Scientific team to develop new methods for identifying contaminants in drinking water

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• Team from Missouri University of Science and Technology and Applied Biosystems/MDS Analytical Technologies working to support water treatment efforts

ROLLA, MO & FOSTER CITY, CA, June 4, 2008 -- A team of scientists representing academia and industry are collaborating to improve the identification of contaminants in drinking water. Scientists at Missouri University of Science and Technology are working with Applied Biosystems, an Applera Corporation business, and its joint-venture partner, MDS Analytical Technologies, a business unit of MDS Inc., to develop and validate new methods through which municipalities and treatment centers can detect a wider range of harmful chemicals.

This project is responding to the increasing prevalence of contaminated drinking water. For instance, pharmaceutical residues were found in the drinking water supplies of at least 41 million Americans, according to a five-month investigation conducted by the Associated Press.¹ Pharmaceutical and personal care products have also been detected in reservoirs, lakes and rivers throughout Europe, Asia and other parts of the world. These findings raise serious concerns about the potential long-term health risks.

Efforts to monitor the contaminants are underway in many municipalities and water treatment centers; however, the lack of analysis and validated methods to identify hard-to-detect contaminants, such as disinfectant byproducts, cyanobacterial toxins and degraded pesticides, is further hampering testing. The scientists conducting this project will analyze reservoir water with mass spectrometry, which is an advanced scientific technique used to analyze compounds based on their molecular composition. They will utilize Applied Biosystems/MDS Analytical Technologies' mass spectrometry systems to develop new software-based methods that are expected to expand the range of contaminants that can be screened in repeatable, systematic ways.

The analysis and method development will take place on the campus of Missouri S&T. The university scientists will also validate the methods to save time and expense for other water testing laboratories, which will be able to access these methods through a pre-configured software application that will be marketed by Applied Biosystems/MDS Analytical Technologies. These methods will be optimized for use on Applied Biosystems/MDS Analytical Technologies' mass spectrometry instrument systems.

Craig Adams, Ph.D., director of the Environmental Research Center, and Yinfa Ma, Ph.D., professor of chemistry, at the university are leading the collaborative project with the joint venture. "Missouri S&T welcomes the opportunity to work with Applied Biosystems/MDS Analytical Technologies to develop the critical methods needed for water contaminant testing," said Dr. Adams.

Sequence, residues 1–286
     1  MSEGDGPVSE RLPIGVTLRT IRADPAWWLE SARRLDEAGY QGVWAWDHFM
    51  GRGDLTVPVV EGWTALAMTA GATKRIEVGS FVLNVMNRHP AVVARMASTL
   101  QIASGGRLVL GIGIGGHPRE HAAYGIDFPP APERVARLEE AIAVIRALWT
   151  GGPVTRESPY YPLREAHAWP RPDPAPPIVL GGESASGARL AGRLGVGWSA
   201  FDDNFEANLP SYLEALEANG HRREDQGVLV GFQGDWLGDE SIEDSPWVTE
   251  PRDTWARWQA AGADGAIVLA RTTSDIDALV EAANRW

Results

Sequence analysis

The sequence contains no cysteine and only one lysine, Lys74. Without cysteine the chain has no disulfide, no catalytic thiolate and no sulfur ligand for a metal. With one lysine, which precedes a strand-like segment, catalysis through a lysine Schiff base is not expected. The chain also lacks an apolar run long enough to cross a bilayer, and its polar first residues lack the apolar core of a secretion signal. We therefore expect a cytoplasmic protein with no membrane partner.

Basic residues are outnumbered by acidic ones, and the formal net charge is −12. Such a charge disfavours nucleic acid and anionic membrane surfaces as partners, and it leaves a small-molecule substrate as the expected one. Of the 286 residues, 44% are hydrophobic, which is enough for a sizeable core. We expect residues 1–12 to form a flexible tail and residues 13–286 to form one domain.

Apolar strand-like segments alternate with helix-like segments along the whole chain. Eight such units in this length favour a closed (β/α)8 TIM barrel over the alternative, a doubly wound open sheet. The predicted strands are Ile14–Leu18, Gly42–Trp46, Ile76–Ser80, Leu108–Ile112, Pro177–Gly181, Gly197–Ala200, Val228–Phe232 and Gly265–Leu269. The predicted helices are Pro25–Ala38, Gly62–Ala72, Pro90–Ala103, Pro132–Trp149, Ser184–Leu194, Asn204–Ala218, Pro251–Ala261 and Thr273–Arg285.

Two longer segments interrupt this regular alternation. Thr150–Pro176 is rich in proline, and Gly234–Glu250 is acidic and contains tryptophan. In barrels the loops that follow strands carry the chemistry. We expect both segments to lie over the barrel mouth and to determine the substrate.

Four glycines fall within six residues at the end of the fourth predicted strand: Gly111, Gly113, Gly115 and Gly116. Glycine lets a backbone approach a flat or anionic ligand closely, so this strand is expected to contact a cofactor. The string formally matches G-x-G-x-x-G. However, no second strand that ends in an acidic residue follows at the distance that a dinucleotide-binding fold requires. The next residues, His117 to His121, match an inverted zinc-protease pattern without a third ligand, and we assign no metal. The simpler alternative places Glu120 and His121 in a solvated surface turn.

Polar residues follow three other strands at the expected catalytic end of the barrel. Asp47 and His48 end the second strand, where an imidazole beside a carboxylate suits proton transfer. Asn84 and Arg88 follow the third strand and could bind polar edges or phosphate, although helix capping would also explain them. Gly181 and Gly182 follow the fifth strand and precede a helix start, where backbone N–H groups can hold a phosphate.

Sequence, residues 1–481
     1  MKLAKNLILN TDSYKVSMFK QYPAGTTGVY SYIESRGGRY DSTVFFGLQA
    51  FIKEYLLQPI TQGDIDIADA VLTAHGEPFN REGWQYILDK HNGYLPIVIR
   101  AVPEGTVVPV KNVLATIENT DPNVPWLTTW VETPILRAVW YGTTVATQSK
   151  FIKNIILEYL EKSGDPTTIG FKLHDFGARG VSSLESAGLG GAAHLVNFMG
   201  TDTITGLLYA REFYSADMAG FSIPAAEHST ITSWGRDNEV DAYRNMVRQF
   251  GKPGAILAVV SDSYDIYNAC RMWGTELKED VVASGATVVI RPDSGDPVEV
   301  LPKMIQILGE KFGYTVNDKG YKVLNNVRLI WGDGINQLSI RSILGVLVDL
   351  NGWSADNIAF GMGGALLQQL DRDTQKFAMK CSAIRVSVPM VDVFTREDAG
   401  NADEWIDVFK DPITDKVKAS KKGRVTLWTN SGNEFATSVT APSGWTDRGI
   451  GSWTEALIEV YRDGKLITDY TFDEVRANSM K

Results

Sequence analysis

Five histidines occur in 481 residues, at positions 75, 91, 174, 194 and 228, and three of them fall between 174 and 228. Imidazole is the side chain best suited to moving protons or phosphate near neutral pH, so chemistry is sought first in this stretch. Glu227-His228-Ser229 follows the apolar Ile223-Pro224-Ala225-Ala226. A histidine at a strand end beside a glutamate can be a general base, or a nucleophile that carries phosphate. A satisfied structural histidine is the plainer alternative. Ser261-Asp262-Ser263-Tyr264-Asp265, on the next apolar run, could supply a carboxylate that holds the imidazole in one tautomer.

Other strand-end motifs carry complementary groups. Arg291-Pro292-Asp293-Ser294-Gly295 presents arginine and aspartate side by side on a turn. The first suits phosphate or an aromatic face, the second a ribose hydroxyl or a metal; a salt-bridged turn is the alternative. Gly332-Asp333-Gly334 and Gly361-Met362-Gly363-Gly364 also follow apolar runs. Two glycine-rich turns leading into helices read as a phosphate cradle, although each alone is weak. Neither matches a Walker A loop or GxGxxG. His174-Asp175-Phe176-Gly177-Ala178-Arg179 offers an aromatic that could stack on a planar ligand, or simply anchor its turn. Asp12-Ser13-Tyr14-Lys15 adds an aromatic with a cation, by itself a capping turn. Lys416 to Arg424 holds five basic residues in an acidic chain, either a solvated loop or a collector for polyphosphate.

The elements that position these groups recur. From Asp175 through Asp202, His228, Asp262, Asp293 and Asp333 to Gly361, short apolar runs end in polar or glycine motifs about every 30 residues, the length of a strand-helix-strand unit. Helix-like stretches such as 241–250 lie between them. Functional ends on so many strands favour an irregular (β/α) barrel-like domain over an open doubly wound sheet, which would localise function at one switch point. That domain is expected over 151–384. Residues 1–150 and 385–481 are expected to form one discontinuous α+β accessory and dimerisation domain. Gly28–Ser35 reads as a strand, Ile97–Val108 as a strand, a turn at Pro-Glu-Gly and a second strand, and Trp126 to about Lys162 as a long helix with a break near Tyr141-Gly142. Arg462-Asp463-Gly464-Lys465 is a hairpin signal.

For this project, the scientific team is employing a complete mass spectrometry workflow from Applied Biosystems/MDS Analytical Technologies that incorporates the 4000 QTRAP® system, which is a specialized mass spectrometer that integrates quantitative and qualitative analysis by combining triple quadrupole and linear ion trap capabilities. It is the only system of its kind that provides information to identify and quantify contaminants at trace levels. The software that will host the new methods is Cliquid® software, which is an application that simplifies the operation of LC/MS/MS (tandem liquid chromatography/mass spectrometry), an analytical technique that combines physical separation with mass-based detection. The new methods will build on the integrated functionality of Cliquid software by providing guidelines on the instrument parameters to identify and quantify contaminants.

"Authorities responsible for the water we drink generally recognize the need to better identify contaminants, but they are running up against limitations, such as which compounds to test for, and what technology and methods to use," said Andre Schreiber, Ph.D., the Applied Biosystems project leader. "This project is expected to provide the tools and protocols that will create a more efficient and thorough process."

The Applied Biosystems/MDS Analytical Technologies joint venture has a more than 20-year history of innovation and is a market leader in mass spectrometry with more than 12,000 systems installed in laboratories worldwide. It is focused on providing the required combination of platforms, software and workflows to help scientists advance their scientific-based testing. These workflows are enabled by simplified software interfaces that provide quicker access to more accurate results.

"Innovation in contaminant testing is driving greater visibility into the true extent of tainted drinking water," said Andy Boorn, president of MDS Analytical Technologies. "Applied Biosystems/MDS Analytical Technologies enables its customers around the world to advance their science in this field by providing powerful tools for accurate detection of toxins that will enable faster clean-up efforts."

For more information about Applied Biosystems/MDS Analytical Technologies' water contaminant testing solutions, see: www.appliedbiosystems.com

Applera Corporation consists of two operating groups: Applied Biosystems, which serves the life science industry and research community by developing and marketing instrument-based systems, consumables, software, and services; and the Celera Group, a diagnostics business delivering personalized disease management through a combination of products and services incorporating proprietary discoveries.

MDS Analytical Technologies is a newly established MDS Inc. business unit.

1. http://www.cnn.com/2008/HEALTH/03/10/pharma.water1.ap/

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